Revitalizing Our Neighborhoods
To build workable neighborhoods, we need to rein in the automobile—and the best way to do this is to reduce the speed limit. How low should we go? Consider the impact of reducing the speed limit to 15 miles per hour for private vehicles within the city limits. It would allow people to use cars for local errands but force them to take higher-speed public transportation for longer trips. As a result, automobiles would no longer dominate the environment, and bicycles and small electric vehicles could easily fit into the flow of traffic. Streets would be friendlier to pedestrians, and safe enough for children to play in them. We would also have to limit the scale of development to make room for slower forms of transportation. It is hard to get around on a bicycle or in an electric cart, and virtually impossible to walk anywhere, if you inhabit a landscape of tract housing and shopping malls.
Another possibility would be to cut the speed limit to 30 miles per hour. That would shift long-distance commuting from the freeways to high-speed rail systems. Commercial development would cluster around the rail stations to take advantage of the new customer base; freeway-oriented shopping malls would make way for mixed-use shopping and office complexes (with plenty of parking) at rail stations. Some of the suburban sprawl at the edges of metropolitan areas would also recede because it is totally dependent on high-speed freeway access.
Yet, if the city had a high-speed rail system, this change would still allow everyone to live in a suburban neighborhood. The big differences from today’s suburbs would be that people would shop and work in mixed-use complexes, which are far more interesting than shopping malls and office parks, and most commutes would be less grueling. This change would also cut automobile use roughly in half, dramatically reducing the city’s environmental problems.
Are these ideas a mere pipe dream? Not necessarily. Cities all over the world are “calming” traffic on residential streets. In the 1980s, Germany began an ambitious experiment that went further, slowing traffic on both residential and arterial streets in areas ranging from a neighborhood in Berlin with 30,000 residents to a small town of 2,300 residents. The government cut the speed limit in half but discovered that the time for the average trip increased by just a bit over 10 percent. Obviously, one result of traffic calming was to shorten the length of the average trip. In addition, noise levels and injuries from automobile accidents dropped dramatically. The German automobile association, which was skeptical about the government’s data, conducted its own interviews and found that, after speeds were lowered, 67 percent of motorists and even higher proportions of residents approved of the change. The experiment was so successful, in fact, that it has since been imitated in cities in Denmark, Sweden, the Netherlands, Italy, Switzerland, Austria, and Japan.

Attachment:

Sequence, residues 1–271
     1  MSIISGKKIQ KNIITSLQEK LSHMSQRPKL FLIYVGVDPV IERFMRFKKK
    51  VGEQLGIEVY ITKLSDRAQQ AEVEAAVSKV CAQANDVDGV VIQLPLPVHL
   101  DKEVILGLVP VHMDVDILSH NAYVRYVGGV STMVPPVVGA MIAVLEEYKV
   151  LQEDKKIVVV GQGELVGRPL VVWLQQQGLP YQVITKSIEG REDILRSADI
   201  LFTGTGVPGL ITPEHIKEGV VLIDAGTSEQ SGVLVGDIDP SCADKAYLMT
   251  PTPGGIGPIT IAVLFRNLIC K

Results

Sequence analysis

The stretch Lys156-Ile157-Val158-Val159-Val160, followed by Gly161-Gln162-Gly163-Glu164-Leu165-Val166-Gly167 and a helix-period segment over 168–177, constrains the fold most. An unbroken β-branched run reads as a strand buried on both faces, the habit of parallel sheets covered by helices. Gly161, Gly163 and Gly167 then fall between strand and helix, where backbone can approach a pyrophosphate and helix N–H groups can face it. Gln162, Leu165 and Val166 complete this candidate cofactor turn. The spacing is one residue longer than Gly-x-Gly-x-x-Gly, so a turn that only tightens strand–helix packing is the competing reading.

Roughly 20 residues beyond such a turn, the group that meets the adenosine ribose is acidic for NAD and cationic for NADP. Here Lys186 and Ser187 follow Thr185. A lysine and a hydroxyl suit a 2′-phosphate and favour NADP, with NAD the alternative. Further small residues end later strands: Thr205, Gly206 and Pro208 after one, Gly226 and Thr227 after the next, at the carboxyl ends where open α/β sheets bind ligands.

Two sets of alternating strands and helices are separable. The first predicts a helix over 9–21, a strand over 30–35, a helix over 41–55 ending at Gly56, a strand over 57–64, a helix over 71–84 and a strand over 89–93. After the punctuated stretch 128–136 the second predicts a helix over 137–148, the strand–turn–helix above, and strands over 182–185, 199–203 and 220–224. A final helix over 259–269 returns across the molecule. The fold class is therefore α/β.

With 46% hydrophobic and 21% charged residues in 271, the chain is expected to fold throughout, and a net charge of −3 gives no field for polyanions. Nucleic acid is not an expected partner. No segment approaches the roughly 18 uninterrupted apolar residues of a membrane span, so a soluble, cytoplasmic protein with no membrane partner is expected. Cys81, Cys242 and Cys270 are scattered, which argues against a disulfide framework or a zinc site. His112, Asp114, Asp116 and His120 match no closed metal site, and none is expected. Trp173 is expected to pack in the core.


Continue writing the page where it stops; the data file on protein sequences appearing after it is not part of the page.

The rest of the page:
Protecting Our Small Businesses
To promote civic life, it would also be useful to phase out chain stores and reduce the overall scale of retail outlets, so that national megastores could not displace locally owned businesses. Some cities already have zoning laws that restrict chains, but it would be more effective to have a national law limiting the number of stores that one company could own—to break up existing chains and reduce the mind-numbing sameness that now blankets most of the United States.
Eliminating chains would increase some costs. Obviously, chains and superstores are more efficient than most independently owned stores because of their vast economies of scale. In some cases—supermarkets, for example—the economic benefits of chains might outweigh their social costs. But in others—most notably book-selling—quality, diversity, and the free flow of ideas are so important that it is urgent to get rid of the chains, even if the costs increase.